The press calls Melania Trump’s use of Michelle Obama’s 2008 nomination speech “plagiarism,” but is it also copyright infringement? Could the authors or assignees of Michelle’s speech sue Melania and others for copyright infringement?
It’s hard to imagine this would ever happen for political and practical reasons (one of which I discuss below). But it’s interesting (fun?) to think about whether a copyright infringement suit against Melania would have legs. In that spirit, consider the following.
Ownership. It’s likely that Michelle’s 2008 speech was written by several people, each of whom could be considered a co-author. The Forward reports that the speech was first written by Sarah Hurwitz, but it’s not clear if she was an independent contractor, an employee of the Obama campaign or working for someone else. This could raise ownership issues under the work-for-hire provision of the copyright statute.
Setting aside work-for-hire, if several people participated in writing the speech (Hurwitz, Michelle, Barack?), assuming that each of these people meets the stringent requirements for co-authorship under U.S copyright law (independently copyrightable contribution and intent) and hasn’t assigned ownership to someone else, each co-author has independent standing to sue Melania for copyright infringement.… Read the full article
The fictional Kevin Kickstarter last met with his lawyer, Mr. Jaggers, in January 2014. Still pondering Mr. Jaggers advice (following the then-recent Second Circuit’s decision in Viacom v. Youtube), he recently heard of the Second Circuit’s new DMCA ruling in Capitol Records v. Vimeo, and he set up an appointment with Mr. Jaggers to get an update on the law.
Before listening in on this fictional conversation, a brief recap: YouPostVid is a small “you post, we host” music video website. Kevin Kickstarter is its sole owner. YouPostVid is struggling to meet the confusing requirements necessary to receive safe harbor protection for copyright infringement under the Digital Millennium Copyright Act (the DMCA). (See the earlier transcript to be updated on how the DMCA can protect web hosts, aka “service providers”, from copyright liability for works uploaded by users).
Two years ago Mr. Jaggers advised Kevin on how to stay on the safe side of the DMCA.… Read the full article
A quick update on Capitol Records v. Redigi.
The SDNY federal court entered summary judgment against Redigi on liability in March 2013.
The last two years have been spent preparing for trial on damages.
However, on Monday of this week, on the eve of trial, the parties reported the case settled. Very likely, this settlement (which is confidential), was engineered to allow the decision on liability to be appealed to the Second Circuit. The way this works is that if the appeal is unsuccessful, the defendants will owe a certain amount of money (stipulated in the settlement agreement, which is confidential/non-public). If Redigi wins on appeal, it will not owe that money (and, presumably, it will be able to resume offering its service, which appears to be inactive at present). The settlement agreement likely provides for either outcome.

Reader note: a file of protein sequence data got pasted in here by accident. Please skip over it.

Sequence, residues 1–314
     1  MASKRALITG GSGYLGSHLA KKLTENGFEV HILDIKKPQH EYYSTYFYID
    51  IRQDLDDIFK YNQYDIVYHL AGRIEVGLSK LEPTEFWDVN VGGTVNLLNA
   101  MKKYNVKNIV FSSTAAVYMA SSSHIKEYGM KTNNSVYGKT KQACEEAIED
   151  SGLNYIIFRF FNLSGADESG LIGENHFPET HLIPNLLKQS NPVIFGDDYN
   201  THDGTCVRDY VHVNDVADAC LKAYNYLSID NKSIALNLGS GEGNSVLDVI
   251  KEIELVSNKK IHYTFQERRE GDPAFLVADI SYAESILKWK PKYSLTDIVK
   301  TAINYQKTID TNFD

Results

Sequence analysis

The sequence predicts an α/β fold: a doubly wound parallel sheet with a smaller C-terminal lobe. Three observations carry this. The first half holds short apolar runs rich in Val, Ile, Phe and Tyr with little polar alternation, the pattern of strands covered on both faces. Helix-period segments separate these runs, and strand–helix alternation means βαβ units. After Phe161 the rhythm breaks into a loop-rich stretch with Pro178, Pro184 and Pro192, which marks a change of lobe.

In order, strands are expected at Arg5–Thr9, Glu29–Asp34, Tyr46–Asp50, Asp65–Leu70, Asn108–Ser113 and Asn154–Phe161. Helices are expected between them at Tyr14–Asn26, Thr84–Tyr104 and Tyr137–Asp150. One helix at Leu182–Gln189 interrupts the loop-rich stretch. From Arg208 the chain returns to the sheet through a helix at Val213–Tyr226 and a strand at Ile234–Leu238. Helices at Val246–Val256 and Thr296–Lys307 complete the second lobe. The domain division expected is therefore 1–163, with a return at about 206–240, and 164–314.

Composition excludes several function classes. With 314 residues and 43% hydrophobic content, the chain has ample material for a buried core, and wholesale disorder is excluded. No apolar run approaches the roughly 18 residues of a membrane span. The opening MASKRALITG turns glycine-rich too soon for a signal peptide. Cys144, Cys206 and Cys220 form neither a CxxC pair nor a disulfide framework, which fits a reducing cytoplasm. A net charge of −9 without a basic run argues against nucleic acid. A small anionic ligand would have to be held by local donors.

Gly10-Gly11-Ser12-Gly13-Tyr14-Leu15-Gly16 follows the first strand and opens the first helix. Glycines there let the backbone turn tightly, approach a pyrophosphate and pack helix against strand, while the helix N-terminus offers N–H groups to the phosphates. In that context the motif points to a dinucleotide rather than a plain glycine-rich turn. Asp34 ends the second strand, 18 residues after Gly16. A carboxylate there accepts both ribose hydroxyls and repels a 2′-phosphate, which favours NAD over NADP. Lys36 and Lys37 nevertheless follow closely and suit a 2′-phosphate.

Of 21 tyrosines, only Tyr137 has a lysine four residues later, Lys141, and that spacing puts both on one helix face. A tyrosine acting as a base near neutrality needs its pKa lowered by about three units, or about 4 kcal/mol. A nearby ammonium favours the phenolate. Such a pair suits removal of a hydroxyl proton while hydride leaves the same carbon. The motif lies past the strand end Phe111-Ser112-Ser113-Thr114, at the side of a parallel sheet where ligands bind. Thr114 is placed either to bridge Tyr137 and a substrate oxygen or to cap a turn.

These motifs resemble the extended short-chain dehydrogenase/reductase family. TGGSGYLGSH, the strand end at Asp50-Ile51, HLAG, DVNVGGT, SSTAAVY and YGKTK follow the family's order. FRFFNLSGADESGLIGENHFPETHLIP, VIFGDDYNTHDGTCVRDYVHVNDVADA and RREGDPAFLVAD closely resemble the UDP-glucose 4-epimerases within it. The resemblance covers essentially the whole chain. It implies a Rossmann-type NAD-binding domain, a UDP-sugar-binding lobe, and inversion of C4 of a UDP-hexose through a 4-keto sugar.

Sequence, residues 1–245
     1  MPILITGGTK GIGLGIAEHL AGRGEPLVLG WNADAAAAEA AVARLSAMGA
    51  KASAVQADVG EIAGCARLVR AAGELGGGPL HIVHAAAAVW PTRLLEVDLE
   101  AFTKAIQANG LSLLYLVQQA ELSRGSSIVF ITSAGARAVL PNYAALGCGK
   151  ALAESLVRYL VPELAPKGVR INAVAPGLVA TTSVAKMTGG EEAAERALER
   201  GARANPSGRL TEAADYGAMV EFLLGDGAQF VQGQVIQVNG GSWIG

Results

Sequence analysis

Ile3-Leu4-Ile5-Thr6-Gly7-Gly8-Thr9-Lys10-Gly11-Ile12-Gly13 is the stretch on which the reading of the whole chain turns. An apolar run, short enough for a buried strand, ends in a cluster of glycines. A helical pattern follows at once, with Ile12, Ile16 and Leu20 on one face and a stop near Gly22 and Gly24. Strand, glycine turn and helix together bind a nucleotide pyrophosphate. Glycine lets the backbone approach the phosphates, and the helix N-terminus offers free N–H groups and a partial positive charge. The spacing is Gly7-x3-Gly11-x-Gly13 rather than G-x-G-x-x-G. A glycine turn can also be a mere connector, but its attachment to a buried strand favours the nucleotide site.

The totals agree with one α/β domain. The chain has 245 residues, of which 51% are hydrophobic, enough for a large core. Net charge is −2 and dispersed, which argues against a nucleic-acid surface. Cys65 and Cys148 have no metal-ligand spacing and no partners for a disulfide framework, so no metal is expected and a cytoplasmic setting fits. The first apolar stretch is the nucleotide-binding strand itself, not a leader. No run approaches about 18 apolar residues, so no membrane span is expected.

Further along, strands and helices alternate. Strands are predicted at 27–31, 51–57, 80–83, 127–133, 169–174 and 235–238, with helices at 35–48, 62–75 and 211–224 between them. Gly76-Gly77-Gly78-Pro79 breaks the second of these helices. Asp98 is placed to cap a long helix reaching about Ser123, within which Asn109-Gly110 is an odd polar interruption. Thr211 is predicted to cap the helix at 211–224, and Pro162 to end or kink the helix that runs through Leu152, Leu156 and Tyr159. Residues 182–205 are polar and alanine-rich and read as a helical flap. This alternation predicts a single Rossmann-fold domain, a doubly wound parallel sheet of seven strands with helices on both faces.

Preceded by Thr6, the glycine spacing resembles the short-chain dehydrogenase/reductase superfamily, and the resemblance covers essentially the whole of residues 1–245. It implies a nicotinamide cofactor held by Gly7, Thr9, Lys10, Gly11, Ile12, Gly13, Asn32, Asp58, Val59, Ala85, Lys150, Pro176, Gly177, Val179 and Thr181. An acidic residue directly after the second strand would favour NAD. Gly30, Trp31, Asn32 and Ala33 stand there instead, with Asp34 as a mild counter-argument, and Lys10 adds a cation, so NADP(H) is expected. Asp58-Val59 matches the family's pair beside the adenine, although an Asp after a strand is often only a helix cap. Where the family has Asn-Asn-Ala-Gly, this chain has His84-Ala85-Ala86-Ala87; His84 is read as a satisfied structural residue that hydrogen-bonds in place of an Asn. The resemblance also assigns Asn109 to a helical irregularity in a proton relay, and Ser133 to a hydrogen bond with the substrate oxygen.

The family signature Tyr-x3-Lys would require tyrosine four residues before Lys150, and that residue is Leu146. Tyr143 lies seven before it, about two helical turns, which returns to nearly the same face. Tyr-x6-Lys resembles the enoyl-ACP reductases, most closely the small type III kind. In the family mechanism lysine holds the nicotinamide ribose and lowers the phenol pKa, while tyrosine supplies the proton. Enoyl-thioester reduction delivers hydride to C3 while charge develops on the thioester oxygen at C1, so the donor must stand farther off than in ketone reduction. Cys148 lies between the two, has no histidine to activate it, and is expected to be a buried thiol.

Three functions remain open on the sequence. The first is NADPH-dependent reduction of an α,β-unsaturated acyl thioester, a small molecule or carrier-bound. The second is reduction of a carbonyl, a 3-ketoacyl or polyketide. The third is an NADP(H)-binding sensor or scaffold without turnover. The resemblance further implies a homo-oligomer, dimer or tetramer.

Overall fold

It has always been the expectation that Redigi wanted to get this case to the Second Circuit, so I believe this is likely to be the scenario that is in progress, particularly since there is no permanent injunction issued pursuant to the settlement. … Read the full article
Several of the CopyrightX teaching fellows used the 1990s Lotus v. Borland copyright case in their classes last week. In an excellent Case Study, Professor Fisher and TF/Berkman Center intern Ben Sobel dissected the background and holdings in this complex case.
An interesting aspect of the case study was the use of documents that came to light during Elena Kagan’s Supreme Court nomination process. In 1995 now-Justice Kagan was Associate White House Counsel, and was involved in the administration’s debate of whether to support Lotus (which had prevailed before Massachusetts U.S. District Court Judge Robert Keeton), or Borland (which won before the First Circuit). Judge Keeton had held the Lotus 1-2-3 menu hierarchy copyrightable, and the First Circuit had reversed, holding it to be an uncopyrightable method of operation under 17 U.S.C. sec. 102(b).
Lotus appealed to the Supreme Court, which granted cert. The question the Solicitor General’s office faced in December 1995 was whether to support Borland or Lotus, and on what grounds.… Read the full article